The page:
Inept: PJM Readers Knew Illinois Failed Military Voters, but DOJ Didn't

But protection of military voting rights requires urgency: there is no law enforced by the Voting Section that demands similar speed, and the ability to assess and react quickly. It’s similar to the tasks faced by our heroes in uniform.

Congress will have ample opportunity to collect documents about the catastrophic errors in 2010. These were foreseeable errors: indeed, I wrote about them here at PJM last summer, and others with firsthand knowledge of the broken system warned Americans about the mess that was coming. Sadly, it has gone worse than imagined.

If you are wondering what the system is that I claim is broken -- how the DOJ actually investigates to see if states are mailing ballots in time to military voters -- it’s not secret. You can read about their crack investigative methods in an affidavit filed in the 2008 case against Virginia (click here). Quite simply, the DOJ calls the states and asks state officials if their counties mailed the ballots in time. In Virginia in 2008, and in multiple places in 2010, this method just wasn’t good enough.

The non-profit Military Voter Protection Project -- headed by Eric Eversole, a former DOJ Voting Section attorney -- is a private organization which exists to detect failures to mail military ballots. They use a different methodology, which is more effective than the one DOJ uses. MVPP detected failures in Illinois and New Mexico before the DOJ did. (Once again, the private sector performs better.)

After the mess of 2008 and the shame of having to file that embarrassing affidavit, the DOJ should have reassessed how it protects military voting rights. It didn’t. Obviously, it wasn’t a priority of Attorney General Holder. Additionally, this DOJ has shown a preference to deny they did anything wrong rather then hurry to fix a problem.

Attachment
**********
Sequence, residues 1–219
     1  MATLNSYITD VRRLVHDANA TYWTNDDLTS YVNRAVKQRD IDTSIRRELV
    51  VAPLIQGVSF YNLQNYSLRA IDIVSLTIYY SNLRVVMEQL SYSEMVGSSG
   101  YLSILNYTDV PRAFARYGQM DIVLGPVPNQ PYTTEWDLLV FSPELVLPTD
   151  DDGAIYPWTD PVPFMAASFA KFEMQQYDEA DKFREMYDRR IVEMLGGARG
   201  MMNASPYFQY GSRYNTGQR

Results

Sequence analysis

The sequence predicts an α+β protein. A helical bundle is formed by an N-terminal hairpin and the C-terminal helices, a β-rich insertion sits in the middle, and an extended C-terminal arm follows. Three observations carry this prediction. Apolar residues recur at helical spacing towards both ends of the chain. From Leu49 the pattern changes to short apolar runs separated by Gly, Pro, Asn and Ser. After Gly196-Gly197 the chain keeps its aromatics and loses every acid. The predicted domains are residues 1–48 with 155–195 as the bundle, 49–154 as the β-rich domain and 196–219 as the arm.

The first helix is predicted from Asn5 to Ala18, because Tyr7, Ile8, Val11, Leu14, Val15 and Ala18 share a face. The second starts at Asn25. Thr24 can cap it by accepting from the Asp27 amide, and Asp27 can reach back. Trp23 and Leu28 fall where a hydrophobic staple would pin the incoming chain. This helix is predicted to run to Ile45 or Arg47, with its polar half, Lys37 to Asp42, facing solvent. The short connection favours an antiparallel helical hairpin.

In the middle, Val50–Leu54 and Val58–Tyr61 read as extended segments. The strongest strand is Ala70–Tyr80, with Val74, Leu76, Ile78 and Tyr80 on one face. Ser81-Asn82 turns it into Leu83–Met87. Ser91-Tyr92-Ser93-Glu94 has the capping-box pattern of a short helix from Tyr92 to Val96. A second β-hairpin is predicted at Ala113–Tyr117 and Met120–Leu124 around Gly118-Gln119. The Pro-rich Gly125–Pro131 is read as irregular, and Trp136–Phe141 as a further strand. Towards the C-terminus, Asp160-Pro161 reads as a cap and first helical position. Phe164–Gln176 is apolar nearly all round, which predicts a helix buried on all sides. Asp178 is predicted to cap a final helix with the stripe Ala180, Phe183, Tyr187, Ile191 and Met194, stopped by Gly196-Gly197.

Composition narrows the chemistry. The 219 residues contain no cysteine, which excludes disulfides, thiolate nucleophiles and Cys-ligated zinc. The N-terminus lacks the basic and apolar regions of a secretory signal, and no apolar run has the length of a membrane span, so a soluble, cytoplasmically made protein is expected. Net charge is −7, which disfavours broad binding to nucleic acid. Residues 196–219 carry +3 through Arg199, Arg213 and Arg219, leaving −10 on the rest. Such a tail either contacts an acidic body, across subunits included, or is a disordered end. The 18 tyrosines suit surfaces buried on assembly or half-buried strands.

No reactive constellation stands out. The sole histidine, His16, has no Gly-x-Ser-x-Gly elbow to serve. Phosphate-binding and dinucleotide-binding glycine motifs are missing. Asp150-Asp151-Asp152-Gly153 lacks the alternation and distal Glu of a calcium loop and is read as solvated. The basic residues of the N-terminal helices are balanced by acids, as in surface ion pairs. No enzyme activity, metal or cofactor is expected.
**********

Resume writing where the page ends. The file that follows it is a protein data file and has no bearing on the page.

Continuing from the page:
The person in charge of the process at the Voting Section doesn’t take the criticism seriously, either.

The criticism was characterized by this person directly to me as a “biannual event, everyone complains every two years.” In other words: they’ve come to expect that people don’t think they do a good job, and they don’t care. They think the complaints arrive on a regular schedule, instead of deriving from their own performance.

The first step to recovery is to admit you have a problem, and Attorney General Holder has a very big problem on his hands. Actually, so does President Obama. If the mess of 2010 repeats in 2012, this president will have an even harder time convincing the public he merits reelection. I promise the voices of critics and the watchful eyes of citizens will be more intense in two years.